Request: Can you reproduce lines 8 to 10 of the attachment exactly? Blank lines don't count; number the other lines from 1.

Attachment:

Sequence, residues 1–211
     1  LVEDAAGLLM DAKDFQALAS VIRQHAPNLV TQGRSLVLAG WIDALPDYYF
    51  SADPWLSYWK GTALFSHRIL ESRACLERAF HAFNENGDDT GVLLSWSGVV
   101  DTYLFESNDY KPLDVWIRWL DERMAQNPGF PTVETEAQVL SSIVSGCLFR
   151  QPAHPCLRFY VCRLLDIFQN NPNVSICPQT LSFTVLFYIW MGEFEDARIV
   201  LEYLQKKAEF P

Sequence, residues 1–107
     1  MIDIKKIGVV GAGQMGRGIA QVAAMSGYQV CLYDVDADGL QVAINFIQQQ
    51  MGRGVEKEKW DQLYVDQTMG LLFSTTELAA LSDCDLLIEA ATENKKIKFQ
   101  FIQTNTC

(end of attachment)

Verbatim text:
     1  MIDIKKIGVV GAGQMGRGIA QVAAMSGYQV CLYDVDADGL QVAINFIQQQ
    51  MGRGVEKEKW DQLYVDQTMG LLFSTTELAA LSDCDLLIEA ATENKKIKFQ
   101  FIQTNTC